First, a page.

“Racing in the Street” is a deep, meaningful ballad about chasing cheap thrills with a muscle machine. Its organ solo and piano base make it one of Springsteen’s best in his entire catalog.

Reviewer’s Favorite Songs: “Racing in the Street,” “The Promised Land,” “Badlands”

The River (1980)

“The River,” Springsteen’s fifth album was, to this point, his most commercially successful, peaking at the top position on the Billboard Top 200.

With many songs centering on the prototypical character work of Springsteen, the definitive song on this album is the title track.

“The River” is a dark yet hopeful story about high school sweethearts whose lives are changed due to an unexpected pregnancy, yet have a deep desire to escape.

The live renditions of this song (Glastonbury in 2009, specifically) are haunting, with Springsteen giving his all into his performance. The lyric “Is a dream a lie if it does not come true, or is it something worse,” is one of the truest reflections of human nature, questioning the reality we live in.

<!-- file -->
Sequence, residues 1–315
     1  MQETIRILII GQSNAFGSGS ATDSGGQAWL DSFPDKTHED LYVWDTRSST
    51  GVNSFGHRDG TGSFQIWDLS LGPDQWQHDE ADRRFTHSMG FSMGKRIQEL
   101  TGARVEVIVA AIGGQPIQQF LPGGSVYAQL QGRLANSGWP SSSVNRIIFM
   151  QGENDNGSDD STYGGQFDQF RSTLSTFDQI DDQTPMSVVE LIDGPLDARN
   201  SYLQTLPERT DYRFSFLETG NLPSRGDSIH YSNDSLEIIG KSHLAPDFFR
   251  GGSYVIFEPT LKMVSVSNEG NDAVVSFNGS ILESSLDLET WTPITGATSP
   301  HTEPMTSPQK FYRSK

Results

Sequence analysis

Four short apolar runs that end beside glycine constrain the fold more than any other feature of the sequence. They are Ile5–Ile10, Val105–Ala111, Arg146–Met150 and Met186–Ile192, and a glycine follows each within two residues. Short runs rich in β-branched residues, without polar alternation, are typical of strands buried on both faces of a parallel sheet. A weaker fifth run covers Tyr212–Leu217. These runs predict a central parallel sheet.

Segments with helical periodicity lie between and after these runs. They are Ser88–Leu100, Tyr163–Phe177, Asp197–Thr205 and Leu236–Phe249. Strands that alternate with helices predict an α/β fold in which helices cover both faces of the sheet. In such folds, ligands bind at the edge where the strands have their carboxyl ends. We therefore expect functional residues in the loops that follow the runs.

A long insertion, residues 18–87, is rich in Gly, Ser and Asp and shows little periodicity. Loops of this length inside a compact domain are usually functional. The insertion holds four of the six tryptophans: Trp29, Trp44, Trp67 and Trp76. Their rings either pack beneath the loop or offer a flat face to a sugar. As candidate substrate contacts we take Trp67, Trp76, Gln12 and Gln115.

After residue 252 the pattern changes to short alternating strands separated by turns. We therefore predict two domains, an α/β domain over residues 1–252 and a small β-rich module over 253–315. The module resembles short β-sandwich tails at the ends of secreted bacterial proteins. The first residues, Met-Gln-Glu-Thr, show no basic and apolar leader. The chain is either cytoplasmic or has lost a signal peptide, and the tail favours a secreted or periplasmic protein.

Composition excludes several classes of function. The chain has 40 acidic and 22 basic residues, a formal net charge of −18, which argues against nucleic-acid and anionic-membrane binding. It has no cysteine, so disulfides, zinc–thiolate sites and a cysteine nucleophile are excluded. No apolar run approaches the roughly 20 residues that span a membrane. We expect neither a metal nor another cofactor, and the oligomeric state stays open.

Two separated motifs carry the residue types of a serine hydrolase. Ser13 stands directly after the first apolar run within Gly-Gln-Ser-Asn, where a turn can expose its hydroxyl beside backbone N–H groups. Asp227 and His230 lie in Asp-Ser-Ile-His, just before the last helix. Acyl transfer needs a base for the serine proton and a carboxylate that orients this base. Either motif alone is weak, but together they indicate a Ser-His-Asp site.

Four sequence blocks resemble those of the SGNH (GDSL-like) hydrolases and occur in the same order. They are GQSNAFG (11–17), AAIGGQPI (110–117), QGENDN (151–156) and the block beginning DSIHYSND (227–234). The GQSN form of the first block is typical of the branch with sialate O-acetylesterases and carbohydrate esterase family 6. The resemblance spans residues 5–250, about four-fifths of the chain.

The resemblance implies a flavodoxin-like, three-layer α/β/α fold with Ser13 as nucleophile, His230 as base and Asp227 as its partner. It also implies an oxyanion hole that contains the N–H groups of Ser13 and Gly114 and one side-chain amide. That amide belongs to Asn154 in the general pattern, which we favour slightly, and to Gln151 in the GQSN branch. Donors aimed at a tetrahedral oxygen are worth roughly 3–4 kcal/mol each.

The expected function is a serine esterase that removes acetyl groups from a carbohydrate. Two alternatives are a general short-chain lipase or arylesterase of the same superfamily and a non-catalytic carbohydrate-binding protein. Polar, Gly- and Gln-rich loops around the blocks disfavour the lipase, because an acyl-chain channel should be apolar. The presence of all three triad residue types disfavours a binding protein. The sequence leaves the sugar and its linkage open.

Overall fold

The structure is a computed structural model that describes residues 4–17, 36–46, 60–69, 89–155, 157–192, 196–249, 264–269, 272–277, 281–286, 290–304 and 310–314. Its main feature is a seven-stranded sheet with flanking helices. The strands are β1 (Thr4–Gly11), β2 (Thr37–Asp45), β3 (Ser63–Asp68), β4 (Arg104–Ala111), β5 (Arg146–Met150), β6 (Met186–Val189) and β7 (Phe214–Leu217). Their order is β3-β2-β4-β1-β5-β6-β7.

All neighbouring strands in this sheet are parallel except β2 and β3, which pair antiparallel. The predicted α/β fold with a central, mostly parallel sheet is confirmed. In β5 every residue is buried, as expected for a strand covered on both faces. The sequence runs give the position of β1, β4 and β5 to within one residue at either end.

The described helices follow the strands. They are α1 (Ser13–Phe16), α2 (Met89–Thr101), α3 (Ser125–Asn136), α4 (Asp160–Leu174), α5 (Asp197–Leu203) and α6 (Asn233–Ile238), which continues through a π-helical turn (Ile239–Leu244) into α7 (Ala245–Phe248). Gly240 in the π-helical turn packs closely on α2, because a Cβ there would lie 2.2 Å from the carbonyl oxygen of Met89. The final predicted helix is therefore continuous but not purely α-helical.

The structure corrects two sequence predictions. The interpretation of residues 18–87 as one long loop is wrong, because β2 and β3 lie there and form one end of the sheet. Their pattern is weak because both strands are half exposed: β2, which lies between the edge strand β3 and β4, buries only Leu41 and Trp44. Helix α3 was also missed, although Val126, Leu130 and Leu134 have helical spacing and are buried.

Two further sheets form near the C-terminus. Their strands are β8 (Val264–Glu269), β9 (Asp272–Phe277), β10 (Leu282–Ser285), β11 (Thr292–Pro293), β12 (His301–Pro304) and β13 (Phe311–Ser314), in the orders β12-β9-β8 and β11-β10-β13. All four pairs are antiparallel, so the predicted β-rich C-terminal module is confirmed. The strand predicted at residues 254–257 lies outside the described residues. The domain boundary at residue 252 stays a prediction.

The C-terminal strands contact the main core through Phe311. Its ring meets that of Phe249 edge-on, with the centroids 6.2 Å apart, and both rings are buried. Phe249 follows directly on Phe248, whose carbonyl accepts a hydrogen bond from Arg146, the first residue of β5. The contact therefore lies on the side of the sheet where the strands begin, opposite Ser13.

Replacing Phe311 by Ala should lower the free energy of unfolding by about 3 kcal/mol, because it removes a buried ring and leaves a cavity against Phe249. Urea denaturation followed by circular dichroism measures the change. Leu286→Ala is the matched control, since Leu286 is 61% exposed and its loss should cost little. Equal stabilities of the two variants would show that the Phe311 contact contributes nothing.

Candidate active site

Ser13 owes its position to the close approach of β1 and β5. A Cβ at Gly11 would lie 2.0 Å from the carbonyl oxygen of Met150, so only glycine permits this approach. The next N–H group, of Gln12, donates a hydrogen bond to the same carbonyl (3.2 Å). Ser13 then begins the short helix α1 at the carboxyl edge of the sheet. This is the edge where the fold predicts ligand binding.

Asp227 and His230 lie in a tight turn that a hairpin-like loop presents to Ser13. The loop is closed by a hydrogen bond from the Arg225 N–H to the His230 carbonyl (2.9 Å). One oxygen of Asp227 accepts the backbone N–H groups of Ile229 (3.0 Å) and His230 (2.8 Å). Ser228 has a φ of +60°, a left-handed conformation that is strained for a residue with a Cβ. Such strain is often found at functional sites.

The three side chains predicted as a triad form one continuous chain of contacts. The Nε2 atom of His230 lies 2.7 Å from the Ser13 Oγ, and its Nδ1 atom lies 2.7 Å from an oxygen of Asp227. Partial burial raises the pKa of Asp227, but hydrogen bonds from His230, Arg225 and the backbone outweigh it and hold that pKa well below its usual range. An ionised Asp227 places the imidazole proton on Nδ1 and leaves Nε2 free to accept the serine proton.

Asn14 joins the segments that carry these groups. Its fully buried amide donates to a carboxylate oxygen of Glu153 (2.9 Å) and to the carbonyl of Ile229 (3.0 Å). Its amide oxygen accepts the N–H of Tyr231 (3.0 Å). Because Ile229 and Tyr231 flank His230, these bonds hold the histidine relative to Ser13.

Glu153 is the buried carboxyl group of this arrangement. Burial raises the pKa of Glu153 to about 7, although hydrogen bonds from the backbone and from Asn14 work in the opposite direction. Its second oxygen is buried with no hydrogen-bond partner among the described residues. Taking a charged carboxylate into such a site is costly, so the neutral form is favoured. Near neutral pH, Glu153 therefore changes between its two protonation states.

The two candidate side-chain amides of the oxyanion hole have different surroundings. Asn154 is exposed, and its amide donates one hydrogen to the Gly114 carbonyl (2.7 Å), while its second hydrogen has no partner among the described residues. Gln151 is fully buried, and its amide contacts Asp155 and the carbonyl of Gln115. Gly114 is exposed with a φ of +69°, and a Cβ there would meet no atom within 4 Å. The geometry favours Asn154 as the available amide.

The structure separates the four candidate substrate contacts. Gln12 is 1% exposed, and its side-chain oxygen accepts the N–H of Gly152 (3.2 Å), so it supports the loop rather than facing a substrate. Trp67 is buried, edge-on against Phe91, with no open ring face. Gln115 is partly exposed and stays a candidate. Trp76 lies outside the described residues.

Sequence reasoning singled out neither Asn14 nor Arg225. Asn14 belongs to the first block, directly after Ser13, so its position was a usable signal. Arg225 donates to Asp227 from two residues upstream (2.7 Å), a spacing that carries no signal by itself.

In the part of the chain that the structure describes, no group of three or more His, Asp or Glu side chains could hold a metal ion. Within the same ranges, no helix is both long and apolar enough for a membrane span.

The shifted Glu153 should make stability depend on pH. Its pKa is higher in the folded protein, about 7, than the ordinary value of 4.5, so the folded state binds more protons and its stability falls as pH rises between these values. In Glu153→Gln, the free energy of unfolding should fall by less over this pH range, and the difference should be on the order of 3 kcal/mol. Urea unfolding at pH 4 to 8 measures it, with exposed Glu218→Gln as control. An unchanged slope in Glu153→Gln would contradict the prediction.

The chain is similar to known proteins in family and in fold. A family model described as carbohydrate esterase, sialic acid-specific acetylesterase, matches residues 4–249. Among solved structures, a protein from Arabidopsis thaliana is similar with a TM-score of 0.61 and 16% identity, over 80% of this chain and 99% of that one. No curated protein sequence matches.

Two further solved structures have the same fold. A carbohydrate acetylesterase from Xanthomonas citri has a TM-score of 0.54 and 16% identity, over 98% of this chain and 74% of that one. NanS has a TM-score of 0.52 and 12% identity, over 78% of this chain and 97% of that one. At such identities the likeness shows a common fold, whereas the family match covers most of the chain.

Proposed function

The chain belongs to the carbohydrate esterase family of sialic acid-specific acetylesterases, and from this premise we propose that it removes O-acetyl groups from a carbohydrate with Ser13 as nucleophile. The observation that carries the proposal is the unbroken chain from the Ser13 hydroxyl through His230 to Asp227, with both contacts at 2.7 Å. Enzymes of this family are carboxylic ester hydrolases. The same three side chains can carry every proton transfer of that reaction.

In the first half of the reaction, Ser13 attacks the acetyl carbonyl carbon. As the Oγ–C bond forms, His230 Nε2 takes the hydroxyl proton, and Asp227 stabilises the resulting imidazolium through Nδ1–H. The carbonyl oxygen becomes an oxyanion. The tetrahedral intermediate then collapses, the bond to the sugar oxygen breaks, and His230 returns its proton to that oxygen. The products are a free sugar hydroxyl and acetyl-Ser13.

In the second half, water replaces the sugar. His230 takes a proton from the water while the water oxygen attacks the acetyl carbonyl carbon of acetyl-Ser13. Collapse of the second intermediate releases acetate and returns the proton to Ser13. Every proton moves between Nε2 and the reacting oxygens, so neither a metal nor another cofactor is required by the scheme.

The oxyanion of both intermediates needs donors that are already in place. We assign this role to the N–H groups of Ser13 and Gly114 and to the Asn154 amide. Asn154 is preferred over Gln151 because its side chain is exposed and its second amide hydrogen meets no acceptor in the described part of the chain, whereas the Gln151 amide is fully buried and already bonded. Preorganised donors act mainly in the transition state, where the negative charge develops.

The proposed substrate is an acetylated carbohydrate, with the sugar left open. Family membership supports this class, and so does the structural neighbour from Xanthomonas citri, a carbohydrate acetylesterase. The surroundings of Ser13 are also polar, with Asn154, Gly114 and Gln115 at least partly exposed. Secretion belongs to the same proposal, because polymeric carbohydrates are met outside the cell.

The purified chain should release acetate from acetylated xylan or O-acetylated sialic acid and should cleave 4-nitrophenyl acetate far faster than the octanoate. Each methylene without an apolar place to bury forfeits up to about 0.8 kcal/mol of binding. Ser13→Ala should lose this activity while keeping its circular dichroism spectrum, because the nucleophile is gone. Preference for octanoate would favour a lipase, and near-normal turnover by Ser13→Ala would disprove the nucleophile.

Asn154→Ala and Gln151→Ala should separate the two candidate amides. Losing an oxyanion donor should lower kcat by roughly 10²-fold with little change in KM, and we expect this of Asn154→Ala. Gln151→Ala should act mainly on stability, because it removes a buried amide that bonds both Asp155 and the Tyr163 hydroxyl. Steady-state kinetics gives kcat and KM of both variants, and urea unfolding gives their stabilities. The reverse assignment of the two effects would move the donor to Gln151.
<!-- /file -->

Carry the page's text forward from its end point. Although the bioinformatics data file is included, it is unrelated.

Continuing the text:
“Hungry Heart” was Springsteen’s first big hit, with the sounds of the E-Street Band in the background of a story about a father abandoning his family, dealing with regret yet keeping hope.

Reviewer’s Favorite Songs: “The River,” “Two Hearts,” “Hungry Heart”

Nebraska (1982)

Bob Dylan was the gold standard for singer-songwriters to draw inspiration from in the 1970s and 80s. His influence on Springsteen’s folk album “Nebraska” is palpable.

“Nebraska” is a beautifully raw and stripped down version of Springsteen’s poetry, allowing readers to focus more on the messages and stories he is telling, similar to his debut.

While very different to the rest of his discography, “Nebraska” reached No. 3 on the Billboard Top 200, cementing Springsteen as a star in American music.